THE BLOG
10/28/2014 12:16 pm ET Updated Oct 28, 2014
PRESENTED BY JOHNSON & JOHNSON

What I Learned About Love As A Pediatric Nurse

The rooms in the Pediatric Intensive Care Unit form a horseshoe around the desk where the nurses sit (as if there were time for that sort of thing).

From our perch, we take in the sounds and smells of the patients around us. We don’t hear the infectious laughter or wailing cries of once active toddlers, but instead soft lulls of assisted breathing and the mechanical chirps of cardiac monitors and other machines. Amid the cords and beeps are huddles of families, speaking in whispered voices around the beds in each room.

I believe in love the way I have come to believe in Dopamine, Lasix, and ventilators. I have learned a lot about medicine as a nurse, but I have learned more about the power of the human condition, in these cramped rooms full of machines and prayers.

For Noah it is cancer. He is two years old and perfect, like a cherub with rosy cheeks and a big round belly. His laughter is gone by the time we meet but I am told he was full of it, until recently. Noah’s family surrounds him with love. They welcome me to join them, and I do, investing myself fully. He fights, I fight, his family fights with hope and prayer, but this time cancer is stronger. It happened quickly, although it never actually feels that way.

His mother’s hands fell into my own as she said goodbye.

“How blessed I have been to have loved him.” She says, our hands intertwined.

Thankfully, it doesn’t always end this way. Henry is a baby. For months his family sits vigilantly by his side. One complication after another seems to threaten the hope they all hold onto, the laughter that continually flows through the room despite the challenges. They surround him with love. They welcome me to join them, and I do, investing myself fully. Henry fights, I fight and his family fights with hope and prayer. This time, we win the fight.

Again there is a goodbye, hands intertwined. Regardless of outcome, the love follows after them when they leave, but a piece of it stays with me as our stories go their separate ways again, forever changed by the moments we once shared together in this room.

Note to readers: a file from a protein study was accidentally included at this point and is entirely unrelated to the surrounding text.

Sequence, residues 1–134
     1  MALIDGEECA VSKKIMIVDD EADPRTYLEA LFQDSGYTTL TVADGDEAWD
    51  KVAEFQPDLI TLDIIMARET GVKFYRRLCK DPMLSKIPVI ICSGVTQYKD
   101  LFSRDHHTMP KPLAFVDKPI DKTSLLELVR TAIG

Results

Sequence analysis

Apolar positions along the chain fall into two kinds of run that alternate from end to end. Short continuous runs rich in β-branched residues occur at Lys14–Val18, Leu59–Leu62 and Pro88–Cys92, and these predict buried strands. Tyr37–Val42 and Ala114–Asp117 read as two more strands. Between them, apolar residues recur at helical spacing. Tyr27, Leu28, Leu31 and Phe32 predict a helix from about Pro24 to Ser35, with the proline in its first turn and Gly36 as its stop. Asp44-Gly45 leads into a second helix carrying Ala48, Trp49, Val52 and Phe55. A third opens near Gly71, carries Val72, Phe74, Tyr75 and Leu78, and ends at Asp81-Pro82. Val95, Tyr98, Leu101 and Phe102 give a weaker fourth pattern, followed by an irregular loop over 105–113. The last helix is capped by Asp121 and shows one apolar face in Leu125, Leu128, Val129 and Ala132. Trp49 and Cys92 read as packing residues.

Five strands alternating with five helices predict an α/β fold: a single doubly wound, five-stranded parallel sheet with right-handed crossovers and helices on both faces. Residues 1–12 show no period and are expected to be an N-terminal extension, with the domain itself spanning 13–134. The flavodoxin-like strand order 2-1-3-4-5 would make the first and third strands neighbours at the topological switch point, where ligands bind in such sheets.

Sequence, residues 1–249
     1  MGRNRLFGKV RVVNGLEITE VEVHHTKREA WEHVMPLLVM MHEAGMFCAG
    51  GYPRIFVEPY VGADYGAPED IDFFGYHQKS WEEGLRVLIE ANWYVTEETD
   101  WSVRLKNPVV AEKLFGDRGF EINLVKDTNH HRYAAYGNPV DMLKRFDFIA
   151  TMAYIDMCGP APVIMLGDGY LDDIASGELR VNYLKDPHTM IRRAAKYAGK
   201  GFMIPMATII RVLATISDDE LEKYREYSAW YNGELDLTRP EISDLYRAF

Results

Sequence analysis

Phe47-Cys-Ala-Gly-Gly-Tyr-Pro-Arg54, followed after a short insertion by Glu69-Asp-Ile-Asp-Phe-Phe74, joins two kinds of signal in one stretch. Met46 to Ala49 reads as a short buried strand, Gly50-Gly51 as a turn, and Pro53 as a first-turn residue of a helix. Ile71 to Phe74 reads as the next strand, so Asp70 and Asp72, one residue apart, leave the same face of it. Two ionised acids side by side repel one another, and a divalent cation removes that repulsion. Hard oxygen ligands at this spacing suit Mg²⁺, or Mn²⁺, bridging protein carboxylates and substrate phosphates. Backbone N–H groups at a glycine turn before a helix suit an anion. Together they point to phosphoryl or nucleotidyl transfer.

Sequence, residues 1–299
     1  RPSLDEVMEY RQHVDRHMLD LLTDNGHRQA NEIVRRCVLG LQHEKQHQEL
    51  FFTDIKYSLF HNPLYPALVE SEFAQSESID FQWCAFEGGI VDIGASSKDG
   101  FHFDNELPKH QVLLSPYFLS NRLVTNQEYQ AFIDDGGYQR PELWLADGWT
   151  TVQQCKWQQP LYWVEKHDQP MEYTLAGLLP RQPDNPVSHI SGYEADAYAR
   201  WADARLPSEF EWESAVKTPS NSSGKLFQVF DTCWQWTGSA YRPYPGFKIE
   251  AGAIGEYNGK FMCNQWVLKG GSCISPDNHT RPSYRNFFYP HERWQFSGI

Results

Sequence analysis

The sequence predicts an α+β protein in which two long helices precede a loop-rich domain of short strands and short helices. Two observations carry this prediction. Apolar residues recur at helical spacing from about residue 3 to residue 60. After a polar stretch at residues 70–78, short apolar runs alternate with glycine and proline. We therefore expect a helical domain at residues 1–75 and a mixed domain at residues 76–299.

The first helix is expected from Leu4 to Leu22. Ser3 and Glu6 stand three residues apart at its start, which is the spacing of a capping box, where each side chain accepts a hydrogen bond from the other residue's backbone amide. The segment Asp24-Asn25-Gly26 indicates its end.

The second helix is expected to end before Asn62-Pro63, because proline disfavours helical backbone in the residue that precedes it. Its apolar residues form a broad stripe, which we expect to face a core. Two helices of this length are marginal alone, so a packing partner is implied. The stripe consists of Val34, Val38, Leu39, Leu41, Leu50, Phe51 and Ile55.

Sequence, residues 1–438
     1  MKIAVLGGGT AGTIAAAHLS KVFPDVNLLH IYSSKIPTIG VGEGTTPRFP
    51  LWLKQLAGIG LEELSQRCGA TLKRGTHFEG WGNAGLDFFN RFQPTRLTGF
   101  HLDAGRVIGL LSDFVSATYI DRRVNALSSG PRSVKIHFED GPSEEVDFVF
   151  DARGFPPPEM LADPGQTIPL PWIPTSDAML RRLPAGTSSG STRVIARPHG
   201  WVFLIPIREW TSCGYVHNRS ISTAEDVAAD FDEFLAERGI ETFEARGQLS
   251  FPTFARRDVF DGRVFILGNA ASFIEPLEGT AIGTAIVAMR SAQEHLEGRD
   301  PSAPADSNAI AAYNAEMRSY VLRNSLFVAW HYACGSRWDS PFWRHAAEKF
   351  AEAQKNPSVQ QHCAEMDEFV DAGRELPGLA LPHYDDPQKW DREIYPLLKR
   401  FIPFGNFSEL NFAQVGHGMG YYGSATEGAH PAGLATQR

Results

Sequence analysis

As humans, there are so many things that we want and need. Stable vital signs, normal lab values, health, healing, and positive outcomes. But ultimately, love has to be enough. Because when reality crashes down around us, as I have learned it often will, love is the one choice we are left to make. It is the only comfort we are guaranteed, and the only outcome we can control. Love is eternal, beyond our terminal and often-flawed bodies.

Long after the lull of machines and chirp of monitors have ceased, love lives on. When my time with the family has ended, whether happy or sad, I never doubt that this love will sustain them. I have watched as it has sustained them here, within this room, for days, even weeks. I have seen their courage, their devotion to one another, devotion to love. I have watched as the strength of love sustained them through the lowest of lows, the fear, exhaustion, and sadness. I have seen its power and the way it buoys them during the happy moments, too.

And I take my own piece of that love home with me, at the end of a long and heavy day. What they may not know is that their love sustains me too. It fills me with hope and validation for the work I do. It carries me home and tomorrow it will pull me from my bed, back to the hospital for another day, where I will learn once again, that love is enough.

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